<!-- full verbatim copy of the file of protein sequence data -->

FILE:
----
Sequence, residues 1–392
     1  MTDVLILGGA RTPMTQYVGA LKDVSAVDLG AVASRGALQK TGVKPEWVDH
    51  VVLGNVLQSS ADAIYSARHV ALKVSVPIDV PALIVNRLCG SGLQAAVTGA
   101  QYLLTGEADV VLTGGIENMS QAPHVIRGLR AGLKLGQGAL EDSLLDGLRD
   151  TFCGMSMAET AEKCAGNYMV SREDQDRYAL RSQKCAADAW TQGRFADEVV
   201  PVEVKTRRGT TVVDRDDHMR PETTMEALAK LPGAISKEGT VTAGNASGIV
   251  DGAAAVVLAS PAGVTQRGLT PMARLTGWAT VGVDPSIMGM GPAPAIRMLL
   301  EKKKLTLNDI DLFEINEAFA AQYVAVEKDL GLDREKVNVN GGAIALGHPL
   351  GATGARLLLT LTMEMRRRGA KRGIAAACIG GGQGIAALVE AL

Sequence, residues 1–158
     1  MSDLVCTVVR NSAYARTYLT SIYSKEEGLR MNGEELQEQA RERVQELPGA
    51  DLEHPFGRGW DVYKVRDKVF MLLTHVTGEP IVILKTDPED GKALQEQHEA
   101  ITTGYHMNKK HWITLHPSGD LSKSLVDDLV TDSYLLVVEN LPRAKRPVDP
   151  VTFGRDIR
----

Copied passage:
Sequence, residues 1–392
     1  MTDVLILGGA RTPMTQYVGA LKDVSAVDLG AVASRGALQK TGVKPEWVDH
    51  VVLGNVLQSS ADAIYSARHV ALKVSVPIDV PALIVNRLCG SGLQAAVTGA
   101  QYLLTGEADV VLTGGIENMS QAPHVIRGLR AGLKLGQGAL EDSLLDGLRD
   151  TFCGMSMAET AEKCAGNYMV SREDQDRYAL RSQKCAADAW TQGRFADEVV
   201  PVEVKTRRGT TVVDRDDHMR PETTMEALAK LPGAISKEGT VTAGNASGIV
   251  DGAAAVVLAS PAGVTQRGLT PMARLTGWAT VGVDPSIMGM GPAPAIRMLL
   301  EKKKLTLNDI DLFEINEAFA AQYVAVEKDL GLDREKVNVN GGAIALGHPL
   351  GATGARLLLT LTMEMRRRGA KRGIAAACIG GGQGIAALVE AL

Sequence, residues 1–158
     1  MSDLVCTVVR NSAYARTYLT SIYSKEEGLR MNGEELQEQA RERVQELPGA
    51  DLEHPFGRGW DVYKVRDKVF MLLTHVTGEP IVILKTDPED GKALQEQHEA
   101  ITTGYHMNKK HWITLHPSGD LSKSLVDDLV TDSYLLVVEN LPRAKRPVDP
   151  VTFGRDIR